Posted On: 2018-10-01
Today is the first day fully dedicated to working on my new project. To begin this project, I will be endeavoring to plan out a rough outline of a long-term plan for the project, as well as a more detailed short-term plan that can serve as a guide for what I will begin working on once this initial planning is complete.
I am using this combination (rough long-term with detailed short-term) as I have found this to be the most useful combination: long-term plans are always subject to change and clarification, which inevitably will come later on. As such, I tend to prefer simple outlines or vision statements for long-term planning. I have also found that granular long-term plans will necessarily require rework over time, and they can inadvertently make people (those working the plan as well as those learning about it) change-adverse towards any of those aspects that were planned out in detail.
Regarding short-term planning, it is useful to document the known level of detail, as well as dedicate time to identifying additional details that may be currently unknown. The primary value this provides is off-loading the mental burden associated with managing that level of detail in one's head. As a developer, I am often juggling quite a lot of moment-to-moment details in my mind, so it helps to keep near-term goals recorded, as this allows me to safely jettison all thoughts unrelated to the specific task I am working on.
As I begin planning this particular project, I am noticing a few interesting patterns already. Firstly, even though I am limiting myself to near-term objectives and broad outlines, I am still finding it overwhelming just how many different things there are to work on. To manage that, I think I am going to try categorize things according to the various "hats" that an indie developer has to wear. I will also try to focus on a specific theme, and plan out activities relating to that across the categories.
Since this is the beginning of everything, the first theme will be "what does it take to begin doing work". I have actually begun work on a few of these already (such as updating software authoring tools) but planning them out in advance will help to make sure that I neither miss any, nor end up working on them in an unhelpful order (for example, doing all the vision planning before getting tools up-and-running might be a good idea, as it may inform which engine and/or target platforms should be chosen.)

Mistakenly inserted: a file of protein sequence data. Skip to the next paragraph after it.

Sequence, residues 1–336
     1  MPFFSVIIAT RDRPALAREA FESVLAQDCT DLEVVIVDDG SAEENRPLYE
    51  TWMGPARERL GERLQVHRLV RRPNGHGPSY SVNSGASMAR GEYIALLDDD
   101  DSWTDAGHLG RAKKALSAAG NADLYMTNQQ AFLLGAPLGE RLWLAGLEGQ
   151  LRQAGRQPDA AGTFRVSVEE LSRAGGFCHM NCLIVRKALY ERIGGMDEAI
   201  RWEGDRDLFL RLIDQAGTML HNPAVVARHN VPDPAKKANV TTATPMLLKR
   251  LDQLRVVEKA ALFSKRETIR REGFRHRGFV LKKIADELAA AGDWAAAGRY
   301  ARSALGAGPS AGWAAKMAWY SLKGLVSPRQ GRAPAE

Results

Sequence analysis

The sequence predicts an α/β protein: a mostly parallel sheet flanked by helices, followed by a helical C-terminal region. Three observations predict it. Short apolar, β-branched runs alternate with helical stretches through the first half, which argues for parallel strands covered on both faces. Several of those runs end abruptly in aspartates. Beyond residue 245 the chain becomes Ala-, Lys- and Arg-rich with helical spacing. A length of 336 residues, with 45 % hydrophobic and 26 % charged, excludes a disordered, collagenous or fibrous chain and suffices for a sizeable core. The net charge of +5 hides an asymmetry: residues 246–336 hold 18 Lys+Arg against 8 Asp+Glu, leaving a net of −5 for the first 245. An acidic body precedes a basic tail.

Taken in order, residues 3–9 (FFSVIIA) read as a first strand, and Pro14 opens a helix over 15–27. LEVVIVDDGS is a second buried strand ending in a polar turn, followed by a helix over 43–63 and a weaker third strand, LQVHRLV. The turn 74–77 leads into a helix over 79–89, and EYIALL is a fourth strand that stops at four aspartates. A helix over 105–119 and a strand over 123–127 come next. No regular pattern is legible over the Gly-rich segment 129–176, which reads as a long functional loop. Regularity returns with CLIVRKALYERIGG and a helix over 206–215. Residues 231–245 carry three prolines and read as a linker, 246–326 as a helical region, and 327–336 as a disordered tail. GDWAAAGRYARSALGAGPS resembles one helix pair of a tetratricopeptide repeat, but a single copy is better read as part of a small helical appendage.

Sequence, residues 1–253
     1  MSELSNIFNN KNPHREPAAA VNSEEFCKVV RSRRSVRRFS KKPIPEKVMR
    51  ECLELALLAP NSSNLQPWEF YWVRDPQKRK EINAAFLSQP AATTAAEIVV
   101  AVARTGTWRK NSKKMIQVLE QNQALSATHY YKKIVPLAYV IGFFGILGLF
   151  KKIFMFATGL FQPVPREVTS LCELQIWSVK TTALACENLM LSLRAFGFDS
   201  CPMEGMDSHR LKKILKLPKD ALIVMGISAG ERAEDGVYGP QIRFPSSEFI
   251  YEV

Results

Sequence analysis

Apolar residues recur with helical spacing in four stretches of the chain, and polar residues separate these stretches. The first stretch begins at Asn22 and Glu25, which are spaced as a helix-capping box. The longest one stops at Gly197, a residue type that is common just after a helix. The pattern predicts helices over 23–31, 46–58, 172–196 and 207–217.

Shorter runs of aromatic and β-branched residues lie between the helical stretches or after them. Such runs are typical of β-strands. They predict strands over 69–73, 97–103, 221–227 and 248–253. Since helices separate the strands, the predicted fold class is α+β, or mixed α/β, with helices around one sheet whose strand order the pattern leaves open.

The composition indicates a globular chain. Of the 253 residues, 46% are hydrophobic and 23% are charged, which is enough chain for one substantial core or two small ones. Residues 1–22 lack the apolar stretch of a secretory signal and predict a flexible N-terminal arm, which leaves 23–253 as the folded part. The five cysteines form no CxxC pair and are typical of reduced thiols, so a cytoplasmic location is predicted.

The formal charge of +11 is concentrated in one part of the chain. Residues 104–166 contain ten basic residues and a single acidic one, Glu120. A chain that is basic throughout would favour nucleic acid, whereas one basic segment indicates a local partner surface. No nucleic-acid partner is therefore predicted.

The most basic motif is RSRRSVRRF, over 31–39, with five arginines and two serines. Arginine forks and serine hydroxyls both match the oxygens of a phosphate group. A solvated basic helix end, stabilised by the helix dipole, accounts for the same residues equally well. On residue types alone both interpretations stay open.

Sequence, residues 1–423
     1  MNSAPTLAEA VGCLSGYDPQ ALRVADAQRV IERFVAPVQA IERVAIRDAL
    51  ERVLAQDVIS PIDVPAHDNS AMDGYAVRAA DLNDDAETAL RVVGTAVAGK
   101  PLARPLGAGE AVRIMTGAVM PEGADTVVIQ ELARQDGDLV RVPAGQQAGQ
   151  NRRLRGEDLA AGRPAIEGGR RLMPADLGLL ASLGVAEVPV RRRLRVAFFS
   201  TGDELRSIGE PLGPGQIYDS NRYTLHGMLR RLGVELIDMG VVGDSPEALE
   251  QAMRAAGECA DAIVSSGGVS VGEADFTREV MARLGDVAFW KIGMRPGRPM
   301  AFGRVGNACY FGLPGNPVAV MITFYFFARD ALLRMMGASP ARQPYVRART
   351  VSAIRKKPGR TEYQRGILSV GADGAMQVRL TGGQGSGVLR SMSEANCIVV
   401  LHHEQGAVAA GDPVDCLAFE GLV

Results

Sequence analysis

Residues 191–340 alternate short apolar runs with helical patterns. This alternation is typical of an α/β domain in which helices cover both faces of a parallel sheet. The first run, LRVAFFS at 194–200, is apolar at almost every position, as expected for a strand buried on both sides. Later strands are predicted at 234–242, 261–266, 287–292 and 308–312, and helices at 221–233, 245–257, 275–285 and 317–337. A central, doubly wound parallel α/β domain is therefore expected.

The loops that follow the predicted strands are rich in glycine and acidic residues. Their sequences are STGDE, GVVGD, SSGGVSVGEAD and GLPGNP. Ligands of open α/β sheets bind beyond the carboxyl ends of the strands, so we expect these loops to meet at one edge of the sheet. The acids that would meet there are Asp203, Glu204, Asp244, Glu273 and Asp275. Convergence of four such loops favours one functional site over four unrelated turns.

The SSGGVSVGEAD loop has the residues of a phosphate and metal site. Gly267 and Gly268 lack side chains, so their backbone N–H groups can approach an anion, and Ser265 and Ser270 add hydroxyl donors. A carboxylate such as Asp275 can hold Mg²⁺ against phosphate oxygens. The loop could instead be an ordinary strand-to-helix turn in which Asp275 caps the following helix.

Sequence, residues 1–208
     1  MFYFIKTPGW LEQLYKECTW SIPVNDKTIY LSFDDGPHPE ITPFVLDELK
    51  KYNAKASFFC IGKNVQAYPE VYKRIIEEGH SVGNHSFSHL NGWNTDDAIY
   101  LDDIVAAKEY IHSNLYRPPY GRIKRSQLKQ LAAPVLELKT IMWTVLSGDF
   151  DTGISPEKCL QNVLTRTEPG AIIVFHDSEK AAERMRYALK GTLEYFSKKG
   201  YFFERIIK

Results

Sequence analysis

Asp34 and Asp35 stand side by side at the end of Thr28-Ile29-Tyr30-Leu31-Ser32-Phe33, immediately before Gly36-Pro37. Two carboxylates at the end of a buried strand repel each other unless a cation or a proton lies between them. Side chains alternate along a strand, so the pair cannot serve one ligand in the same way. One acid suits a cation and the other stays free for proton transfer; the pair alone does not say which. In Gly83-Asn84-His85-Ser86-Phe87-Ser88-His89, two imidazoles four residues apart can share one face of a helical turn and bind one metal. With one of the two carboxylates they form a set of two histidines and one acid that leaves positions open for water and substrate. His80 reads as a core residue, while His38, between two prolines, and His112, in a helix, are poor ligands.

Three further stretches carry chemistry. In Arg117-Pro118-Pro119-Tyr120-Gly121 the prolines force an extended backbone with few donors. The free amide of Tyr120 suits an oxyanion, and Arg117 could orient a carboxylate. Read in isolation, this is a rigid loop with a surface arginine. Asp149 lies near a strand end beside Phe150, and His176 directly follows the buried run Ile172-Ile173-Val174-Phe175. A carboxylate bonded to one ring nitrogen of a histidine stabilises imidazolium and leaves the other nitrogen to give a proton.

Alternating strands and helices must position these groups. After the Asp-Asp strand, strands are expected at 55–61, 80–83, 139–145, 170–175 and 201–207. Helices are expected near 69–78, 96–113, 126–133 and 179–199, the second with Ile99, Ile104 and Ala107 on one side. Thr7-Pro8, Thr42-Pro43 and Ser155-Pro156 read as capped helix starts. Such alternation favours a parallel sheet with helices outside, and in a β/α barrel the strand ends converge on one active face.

While I generally like to do my planning by physically writing things on paper (this is just a personal preference) I will include it here as well. These are the roles and their immediate goals (in no particular order):
While working through these, I also identified some items that I would like to work on, maybe after this current set is complete. I haven't included them here, but will keep a record of them, possibly on that place to store plans mentioned in the Producer section.
Having things broken up into categories helps a great deal: it is clear that Vision is a prerequisite for much of the other work. It also makes clear that the Producer work will provide immediate value (as writing this all in a blog is quite unwieldy and will quickly get out-of-date.) As such, I will be focusing on those two first, and then approach the others. Provided that things go well, my next blog will likely cover the "feel" and themes of the game I will be working on.
Hopefully this window into how I am approaching planning is interesting and/or useful. If you have any thoughts or feedback about any of this, please let me know.